And it's effects on health


With regards to cortisol levels and behavioral differences, how does depression and burnout differ?

At the psychological level, the symptoms of burnout and depression are very similar. For example, appetite changes, sleep problems, fatigue, feeling empty and hopeless, and low self-esteem characterize both conditions. There are three key symptoms of burnout: (1) emotional exhaustion, (2) depersonalization or cynicism, (3) devaluation or a diminished sense of personal accomplishment. Biologically, however, burnout and depression are believed to be quite different. In depression, we often see very high levels of cortisol, a stress hormone. In burnout, however, cortisol is often quite low. This is of great importance since anti-depressant medications lower cortisol levels, making them potentially ineffective for people experiencing burnout.

Why do certain people lose weight due to stress?

Whereas most individuals tend to gain weight under high levels of stress, some tend to lose weight. Weight gain is often caused by an increase in appetite, caused by our stress responses, which increases the level of energy (if they are calories ingested after the signal of hunger from your body). On the other hand, stress may be associated with weight loss due to increased physical activity and heightened metabolism, leading to loss of calories.

Is stress related to Irritable Bowel Syndrome?

Yes, stress has been associated with the initiation and exacerbation of IBS symptoms.

What are the effects of stress on cholesterol?

A chronic elevation of the stress hormone cortisol generally increases LDL (the "bad" holesterol) and decrease HDL (the "good"cholesterol). It is also interesting to note that cortisol, at it’s molecular base, is made up of cholesterol!

 

Is stress necessary for life?

Yes, without a healthy stress response, humans would not be able to survive. Stress hormones are essential for many metabolic and daily activities, including eating and waking up!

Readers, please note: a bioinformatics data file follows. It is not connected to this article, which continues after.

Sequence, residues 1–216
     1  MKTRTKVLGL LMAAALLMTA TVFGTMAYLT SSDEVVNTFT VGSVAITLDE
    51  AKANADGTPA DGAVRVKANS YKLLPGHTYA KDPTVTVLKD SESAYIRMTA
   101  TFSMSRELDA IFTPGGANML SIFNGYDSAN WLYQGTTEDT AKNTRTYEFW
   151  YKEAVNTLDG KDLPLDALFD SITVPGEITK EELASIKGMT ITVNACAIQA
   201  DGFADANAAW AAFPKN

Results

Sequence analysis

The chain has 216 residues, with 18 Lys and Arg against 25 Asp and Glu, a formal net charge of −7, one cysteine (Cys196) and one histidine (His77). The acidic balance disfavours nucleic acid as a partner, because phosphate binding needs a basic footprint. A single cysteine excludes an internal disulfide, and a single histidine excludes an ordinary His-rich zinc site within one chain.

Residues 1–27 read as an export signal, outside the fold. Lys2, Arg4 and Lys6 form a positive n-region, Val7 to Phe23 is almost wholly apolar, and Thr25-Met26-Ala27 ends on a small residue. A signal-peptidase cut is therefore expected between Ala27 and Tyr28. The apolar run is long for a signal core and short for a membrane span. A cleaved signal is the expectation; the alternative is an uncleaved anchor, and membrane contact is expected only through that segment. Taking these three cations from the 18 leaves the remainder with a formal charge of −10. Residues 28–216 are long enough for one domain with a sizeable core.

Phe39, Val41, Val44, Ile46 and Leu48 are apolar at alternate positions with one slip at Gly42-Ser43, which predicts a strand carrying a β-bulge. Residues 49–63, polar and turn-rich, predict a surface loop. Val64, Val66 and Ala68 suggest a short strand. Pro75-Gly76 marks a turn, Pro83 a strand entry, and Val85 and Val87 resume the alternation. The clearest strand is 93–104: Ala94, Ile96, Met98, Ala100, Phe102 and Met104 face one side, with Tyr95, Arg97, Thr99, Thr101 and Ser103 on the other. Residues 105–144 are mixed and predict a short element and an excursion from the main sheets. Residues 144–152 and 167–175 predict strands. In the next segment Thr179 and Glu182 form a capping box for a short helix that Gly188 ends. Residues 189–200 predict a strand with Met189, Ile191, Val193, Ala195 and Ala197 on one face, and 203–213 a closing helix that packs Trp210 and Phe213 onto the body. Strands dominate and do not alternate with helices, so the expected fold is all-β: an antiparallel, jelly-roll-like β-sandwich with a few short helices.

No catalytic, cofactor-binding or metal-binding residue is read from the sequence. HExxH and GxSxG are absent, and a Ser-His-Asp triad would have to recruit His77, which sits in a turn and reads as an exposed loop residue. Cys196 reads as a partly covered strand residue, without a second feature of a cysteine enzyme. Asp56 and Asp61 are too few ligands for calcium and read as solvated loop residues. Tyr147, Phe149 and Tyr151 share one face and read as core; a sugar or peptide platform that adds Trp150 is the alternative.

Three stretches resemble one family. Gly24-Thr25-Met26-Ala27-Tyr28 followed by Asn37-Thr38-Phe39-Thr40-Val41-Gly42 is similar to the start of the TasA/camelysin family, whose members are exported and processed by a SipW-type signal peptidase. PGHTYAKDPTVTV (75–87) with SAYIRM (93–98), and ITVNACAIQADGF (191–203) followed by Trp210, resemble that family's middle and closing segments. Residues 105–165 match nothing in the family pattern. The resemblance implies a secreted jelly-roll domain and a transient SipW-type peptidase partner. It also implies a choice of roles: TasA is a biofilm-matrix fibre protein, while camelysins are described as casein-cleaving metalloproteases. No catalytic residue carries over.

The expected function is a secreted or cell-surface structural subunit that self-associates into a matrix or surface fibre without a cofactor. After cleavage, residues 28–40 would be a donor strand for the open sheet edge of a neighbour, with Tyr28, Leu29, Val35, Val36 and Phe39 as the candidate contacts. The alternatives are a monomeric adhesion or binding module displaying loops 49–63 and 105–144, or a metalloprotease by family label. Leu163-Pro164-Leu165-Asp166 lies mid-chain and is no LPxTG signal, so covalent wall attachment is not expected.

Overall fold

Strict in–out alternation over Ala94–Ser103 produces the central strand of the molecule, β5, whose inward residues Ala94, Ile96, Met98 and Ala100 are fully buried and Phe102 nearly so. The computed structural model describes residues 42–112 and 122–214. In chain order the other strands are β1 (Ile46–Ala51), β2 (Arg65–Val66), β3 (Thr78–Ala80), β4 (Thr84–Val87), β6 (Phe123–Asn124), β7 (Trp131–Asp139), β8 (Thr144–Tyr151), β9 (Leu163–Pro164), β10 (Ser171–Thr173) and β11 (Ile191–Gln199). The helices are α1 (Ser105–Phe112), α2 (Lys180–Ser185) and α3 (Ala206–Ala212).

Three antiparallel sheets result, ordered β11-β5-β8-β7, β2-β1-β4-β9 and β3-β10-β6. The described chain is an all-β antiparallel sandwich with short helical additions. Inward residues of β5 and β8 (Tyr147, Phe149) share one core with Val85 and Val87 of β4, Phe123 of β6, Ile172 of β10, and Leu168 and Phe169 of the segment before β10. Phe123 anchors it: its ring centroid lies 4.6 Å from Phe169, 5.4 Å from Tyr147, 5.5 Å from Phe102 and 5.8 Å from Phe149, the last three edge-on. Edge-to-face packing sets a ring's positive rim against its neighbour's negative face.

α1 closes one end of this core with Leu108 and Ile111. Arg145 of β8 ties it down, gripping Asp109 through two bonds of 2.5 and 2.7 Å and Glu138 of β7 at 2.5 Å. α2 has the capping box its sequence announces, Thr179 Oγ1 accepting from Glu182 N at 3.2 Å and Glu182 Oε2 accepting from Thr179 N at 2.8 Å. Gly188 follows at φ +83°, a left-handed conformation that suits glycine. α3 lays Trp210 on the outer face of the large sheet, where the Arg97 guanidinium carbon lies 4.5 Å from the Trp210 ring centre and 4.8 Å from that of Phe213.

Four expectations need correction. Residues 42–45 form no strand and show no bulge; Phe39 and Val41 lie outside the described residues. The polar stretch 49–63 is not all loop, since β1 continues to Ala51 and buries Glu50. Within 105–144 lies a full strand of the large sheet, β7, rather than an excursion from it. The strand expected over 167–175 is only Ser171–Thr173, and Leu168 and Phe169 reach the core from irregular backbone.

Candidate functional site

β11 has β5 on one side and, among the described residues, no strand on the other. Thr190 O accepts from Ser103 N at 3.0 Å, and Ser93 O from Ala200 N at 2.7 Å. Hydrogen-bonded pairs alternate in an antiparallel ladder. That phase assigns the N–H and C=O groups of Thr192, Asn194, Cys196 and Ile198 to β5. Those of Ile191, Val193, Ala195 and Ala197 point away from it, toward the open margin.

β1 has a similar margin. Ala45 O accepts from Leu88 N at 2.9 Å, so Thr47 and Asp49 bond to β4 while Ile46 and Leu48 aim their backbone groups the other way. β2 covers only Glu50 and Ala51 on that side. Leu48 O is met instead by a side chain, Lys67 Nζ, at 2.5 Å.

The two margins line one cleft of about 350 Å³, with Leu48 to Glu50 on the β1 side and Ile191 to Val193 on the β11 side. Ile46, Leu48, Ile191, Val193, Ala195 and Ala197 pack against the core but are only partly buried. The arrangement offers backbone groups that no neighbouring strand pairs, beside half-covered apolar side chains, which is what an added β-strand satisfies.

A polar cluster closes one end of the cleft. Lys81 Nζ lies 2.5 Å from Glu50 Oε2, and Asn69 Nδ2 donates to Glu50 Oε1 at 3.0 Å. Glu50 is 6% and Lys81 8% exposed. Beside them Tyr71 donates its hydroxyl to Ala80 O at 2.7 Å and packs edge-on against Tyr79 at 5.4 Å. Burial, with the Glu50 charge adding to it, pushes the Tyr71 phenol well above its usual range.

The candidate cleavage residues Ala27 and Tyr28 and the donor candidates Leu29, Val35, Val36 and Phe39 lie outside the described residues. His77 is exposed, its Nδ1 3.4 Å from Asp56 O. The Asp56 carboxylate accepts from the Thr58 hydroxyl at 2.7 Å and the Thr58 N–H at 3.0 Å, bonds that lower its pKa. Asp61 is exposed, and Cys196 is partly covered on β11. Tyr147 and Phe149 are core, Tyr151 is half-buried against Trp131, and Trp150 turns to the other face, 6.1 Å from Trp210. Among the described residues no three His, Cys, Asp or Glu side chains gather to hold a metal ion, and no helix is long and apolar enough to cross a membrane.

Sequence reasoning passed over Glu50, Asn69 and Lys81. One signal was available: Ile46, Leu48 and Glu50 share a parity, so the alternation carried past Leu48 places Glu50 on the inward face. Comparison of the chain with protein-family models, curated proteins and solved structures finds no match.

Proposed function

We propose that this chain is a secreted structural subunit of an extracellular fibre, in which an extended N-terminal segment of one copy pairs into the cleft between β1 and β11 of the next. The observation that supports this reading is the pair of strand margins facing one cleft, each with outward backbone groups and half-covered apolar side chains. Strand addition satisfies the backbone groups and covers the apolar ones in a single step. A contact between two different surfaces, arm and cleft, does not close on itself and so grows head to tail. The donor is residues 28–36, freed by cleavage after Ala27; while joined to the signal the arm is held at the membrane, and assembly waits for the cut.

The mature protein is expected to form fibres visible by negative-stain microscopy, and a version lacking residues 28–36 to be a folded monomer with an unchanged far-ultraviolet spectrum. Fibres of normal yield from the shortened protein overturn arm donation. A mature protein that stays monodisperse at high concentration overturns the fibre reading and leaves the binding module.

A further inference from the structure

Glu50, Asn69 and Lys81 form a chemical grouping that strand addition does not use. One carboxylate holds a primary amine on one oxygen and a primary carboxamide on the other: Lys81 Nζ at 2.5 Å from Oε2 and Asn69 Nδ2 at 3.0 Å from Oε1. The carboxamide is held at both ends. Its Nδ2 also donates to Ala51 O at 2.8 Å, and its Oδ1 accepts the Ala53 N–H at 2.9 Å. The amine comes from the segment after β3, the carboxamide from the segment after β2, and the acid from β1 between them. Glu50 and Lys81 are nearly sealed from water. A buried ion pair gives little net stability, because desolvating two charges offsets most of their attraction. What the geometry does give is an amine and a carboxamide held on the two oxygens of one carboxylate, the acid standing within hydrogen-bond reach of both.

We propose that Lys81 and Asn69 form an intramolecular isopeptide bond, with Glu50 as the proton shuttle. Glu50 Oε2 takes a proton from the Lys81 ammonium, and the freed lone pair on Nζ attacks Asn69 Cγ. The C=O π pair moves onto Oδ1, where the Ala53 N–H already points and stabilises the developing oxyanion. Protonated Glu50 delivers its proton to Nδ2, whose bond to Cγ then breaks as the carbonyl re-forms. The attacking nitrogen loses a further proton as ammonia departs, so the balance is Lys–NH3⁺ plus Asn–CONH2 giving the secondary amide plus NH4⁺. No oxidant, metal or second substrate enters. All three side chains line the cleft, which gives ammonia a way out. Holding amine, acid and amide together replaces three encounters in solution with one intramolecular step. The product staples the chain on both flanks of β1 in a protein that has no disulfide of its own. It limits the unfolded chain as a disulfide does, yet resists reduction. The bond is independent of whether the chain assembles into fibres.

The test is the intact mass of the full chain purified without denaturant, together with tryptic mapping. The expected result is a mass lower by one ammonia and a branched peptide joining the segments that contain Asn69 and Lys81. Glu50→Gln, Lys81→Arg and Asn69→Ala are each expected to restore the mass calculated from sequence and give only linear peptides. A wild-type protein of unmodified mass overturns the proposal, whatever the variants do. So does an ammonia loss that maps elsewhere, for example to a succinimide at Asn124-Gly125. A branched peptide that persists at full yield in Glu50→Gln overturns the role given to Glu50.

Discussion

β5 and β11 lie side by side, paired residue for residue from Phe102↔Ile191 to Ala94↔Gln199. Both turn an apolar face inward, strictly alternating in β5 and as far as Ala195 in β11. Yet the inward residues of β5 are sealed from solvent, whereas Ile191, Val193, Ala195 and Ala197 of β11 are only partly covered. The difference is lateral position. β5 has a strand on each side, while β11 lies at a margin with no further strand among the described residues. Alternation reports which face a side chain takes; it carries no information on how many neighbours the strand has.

Is stress bad for the heart?

Yes, chronic stress is associated with increased blood pressure and increased risk of various cardiovascular diseases.

See Acute vs. chronic stress for more details.

Are women more at risk for stress-related disorders like depression?

Yes. Women are more often depressed than men. However, this gender difference only appears after puberty, which suggests the involvement of hormones.

Is chronic stress harmful?

Yes, chronic stress puts you at risk for certain diseases in combination with other vulnerability factors such as pre-existing cardiac problems, pulmonary diseases and genetic tendencies.

See Acute vs. chronic stress for more details.

Is there a relation between excess stress and Alzheimer’s disease?

Chronically elevated levels of the stress hormone cortisol may increase the risk for Alzheimer’s disease (AD). Patients with AD show elevated levels of cortisol compared to non-AD older adults. Additionally, cortisol may have a toxic effect on the hippocampus, the brain region involved in learning and memory, and the first to shrink in AD.

 

Is there a link between stress and consumption of drug or alcohol?

Individuals who feel more stressed are generally more likely to consume drugs and alcohol as a way of coping. Also, drugs and alcohol play on the brain’s reward circuitry in order to induce feelings such as pleasure and euphoria. The problem is, these feelings have short-term effects and the person craves them more and more. In conjunction to other negative factors such as debt, family or professional failure in the person’s life, drug or alcohol consumption can reach a point where they can become stressors themselves.